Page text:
Meditation 10: Psalm 70 (Wednesday of Holy Week)

Be pleased, O God, to deliver me.
O Lord, make haste to help me!

Let those be put to shame and confusion who seek my life.
Let those be turned back and brought to dishonour
who desire to hurt me.

Let those who say, “Aha, Aha!”
turn back because of their shame.

Let all who seek you rejoice and be glad in you.
Let those who love your salvation
say evermore, “God is great!”

But I am poor and needy;
hasten to me, O God!
You are my help and my deliverer;
O Lord, do not delay!

Psalm 70

In contrast to yesterday’s psalm (Ps. 71) we are confronted with a sense of urgency: Be pleased, O God, to deliver me. O Lord, make haste to help me.

Psalm 70 is a short prayer for deliverance placed between two much longer laments.

The abrupt way in which Psalm 70 ends suggests a pressing request for the resolution of an apparently insoluble problem, a resolution that will be found by waiting on the Lord.

In its brevity it is easy to observe a clear literary structure.

There is a plea to hurry (verse 1), a reflection on the world as it is (verses 2-3), a reflection on the world as it should be (verse 4), then a return to a brief consideration on the world as it is (verse 5a), all rounded off with a repeated plea to hurry (verse 5b).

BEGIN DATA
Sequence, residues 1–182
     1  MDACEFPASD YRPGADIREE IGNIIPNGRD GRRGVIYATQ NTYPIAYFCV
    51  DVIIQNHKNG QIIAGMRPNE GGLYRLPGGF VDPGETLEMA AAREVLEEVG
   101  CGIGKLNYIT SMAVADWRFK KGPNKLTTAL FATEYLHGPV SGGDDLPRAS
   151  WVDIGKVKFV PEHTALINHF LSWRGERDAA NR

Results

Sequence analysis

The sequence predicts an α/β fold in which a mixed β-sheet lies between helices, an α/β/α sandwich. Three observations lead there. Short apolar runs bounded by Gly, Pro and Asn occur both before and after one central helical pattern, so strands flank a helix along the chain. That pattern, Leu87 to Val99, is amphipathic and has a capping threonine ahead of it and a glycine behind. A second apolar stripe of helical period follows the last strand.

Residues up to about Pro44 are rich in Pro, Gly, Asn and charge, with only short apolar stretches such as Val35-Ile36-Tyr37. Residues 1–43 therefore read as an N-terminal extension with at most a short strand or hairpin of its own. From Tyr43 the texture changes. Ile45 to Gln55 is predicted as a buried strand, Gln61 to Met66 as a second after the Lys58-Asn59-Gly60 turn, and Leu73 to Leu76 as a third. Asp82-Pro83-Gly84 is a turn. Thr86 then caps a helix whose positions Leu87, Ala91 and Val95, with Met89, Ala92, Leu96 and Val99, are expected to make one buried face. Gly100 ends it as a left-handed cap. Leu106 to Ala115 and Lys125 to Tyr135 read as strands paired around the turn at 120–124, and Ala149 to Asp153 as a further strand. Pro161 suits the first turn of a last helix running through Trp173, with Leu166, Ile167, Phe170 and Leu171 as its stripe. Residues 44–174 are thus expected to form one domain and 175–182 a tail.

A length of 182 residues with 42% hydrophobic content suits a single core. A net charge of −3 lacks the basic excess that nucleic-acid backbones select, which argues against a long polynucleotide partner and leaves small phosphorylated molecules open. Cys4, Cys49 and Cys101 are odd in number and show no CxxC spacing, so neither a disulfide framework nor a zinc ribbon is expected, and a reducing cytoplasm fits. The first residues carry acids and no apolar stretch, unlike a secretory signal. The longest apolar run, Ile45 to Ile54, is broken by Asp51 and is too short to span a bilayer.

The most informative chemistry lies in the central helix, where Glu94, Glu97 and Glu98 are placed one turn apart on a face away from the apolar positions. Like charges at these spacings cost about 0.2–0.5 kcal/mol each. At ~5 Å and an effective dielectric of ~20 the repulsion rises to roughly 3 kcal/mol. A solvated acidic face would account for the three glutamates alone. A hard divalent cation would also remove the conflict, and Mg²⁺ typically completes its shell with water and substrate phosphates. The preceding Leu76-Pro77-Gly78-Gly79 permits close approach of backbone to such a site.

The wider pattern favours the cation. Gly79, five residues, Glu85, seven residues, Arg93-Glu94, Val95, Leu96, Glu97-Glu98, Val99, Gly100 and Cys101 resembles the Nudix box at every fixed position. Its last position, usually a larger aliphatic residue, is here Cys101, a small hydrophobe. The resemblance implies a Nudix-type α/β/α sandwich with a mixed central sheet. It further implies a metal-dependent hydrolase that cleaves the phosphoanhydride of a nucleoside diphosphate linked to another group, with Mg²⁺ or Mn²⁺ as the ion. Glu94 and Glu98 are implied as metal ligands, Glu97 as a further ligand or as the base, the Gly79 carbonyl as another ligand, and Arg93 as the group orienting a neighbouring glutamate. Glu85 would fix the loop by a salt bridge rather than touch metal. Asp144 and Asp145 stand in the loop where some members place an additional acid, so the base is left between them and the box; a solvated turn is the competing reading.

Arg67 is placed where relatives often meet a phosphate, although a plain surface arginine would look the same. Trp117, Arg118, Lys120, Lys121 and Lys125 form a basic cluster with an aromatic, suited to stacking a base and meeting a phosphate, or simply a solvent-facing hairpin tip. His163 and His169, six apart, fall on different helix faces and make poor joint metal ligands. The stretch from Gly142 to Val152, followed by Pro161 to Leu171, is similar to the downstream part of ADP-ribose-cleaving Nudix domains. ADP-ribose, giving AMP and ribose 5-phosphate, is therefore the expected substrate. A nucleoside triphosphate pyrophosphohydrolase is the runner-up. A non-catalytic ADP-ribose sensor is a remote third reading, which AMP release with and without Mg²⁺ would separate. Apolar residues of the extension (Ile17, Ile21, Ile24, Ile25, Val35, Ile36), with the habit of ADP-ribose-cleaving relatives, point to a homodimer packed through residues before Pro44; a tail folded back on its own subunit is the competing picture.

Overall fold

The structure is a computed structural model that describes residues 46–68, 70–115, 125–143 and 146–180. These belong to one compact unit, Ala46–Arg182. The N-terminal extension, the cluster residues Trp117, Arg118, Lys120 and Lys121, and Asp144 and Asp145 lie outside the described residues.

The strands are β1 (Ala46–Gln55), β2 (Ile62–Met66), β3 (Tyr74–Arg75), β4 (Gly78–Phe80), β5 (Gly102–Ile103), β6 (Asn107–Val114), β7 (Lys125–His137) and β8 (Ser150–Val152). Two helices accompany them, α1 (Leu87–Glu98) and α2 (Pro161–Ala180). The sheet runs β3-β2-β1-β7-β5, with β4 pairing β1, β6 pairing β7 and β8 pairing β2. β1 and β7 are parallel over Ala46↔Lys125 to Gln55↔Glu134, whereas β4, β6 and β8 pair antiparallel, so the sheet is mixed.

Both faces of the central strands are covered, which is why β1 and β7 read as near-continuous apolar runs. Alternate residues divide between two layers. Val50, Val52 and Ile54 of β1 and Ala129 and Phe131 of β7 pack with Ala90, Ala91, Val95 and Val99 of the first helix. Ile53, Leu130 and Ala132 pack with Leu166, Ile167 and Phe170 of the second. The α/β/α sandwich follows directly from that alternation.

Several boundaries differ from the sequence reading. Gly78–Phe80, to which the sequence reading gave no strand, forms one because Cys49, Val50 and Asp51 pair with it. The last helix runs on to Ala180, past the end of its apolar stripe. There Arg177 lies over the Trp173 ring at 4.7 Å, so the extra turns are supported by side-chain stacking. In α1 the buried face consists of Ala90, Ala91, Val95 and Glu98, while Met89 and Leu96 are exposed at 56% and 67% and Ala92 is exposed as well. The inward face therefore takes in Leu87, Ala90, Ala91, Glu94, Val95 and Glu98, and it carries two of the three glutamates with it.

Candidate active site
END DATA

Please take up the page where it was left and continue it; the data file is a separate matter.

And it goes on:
As the narrative of Holy Week unfolds, the Church’s lectionary brings us to the moment when Jesus foretells his betrayal (John 13.21-32).

It is with the imminence of this crucial moment that we find ourselves engaged with the urgency of today’s psalm.

We find ourselves speeding through a brief gallery of images: help, enemies, a glimpse of the Kingdom, the current condition, help.

The feeling of urgency is accentuated by the absence of any sort of route map to help us negotiate the gaps.

There are many times in our lives when we cry out for answers… urgent answers that only God can provide.

Too often we wonder whether God has heard those urgent pleas, as they seem to be greeted with a deafening silence.

Sometimes the wait can seem to go on for ever, and we feel that God has, indeed, abandoned us for ever.

It is during these times that pernicious doubt can so easily take hold.

Today’s psalm offers us reassurance that we are not alone during those scary times, just as Jesus was not alone as this Holy Week was speeding along, and as the horror of Good Friday drew ever closer.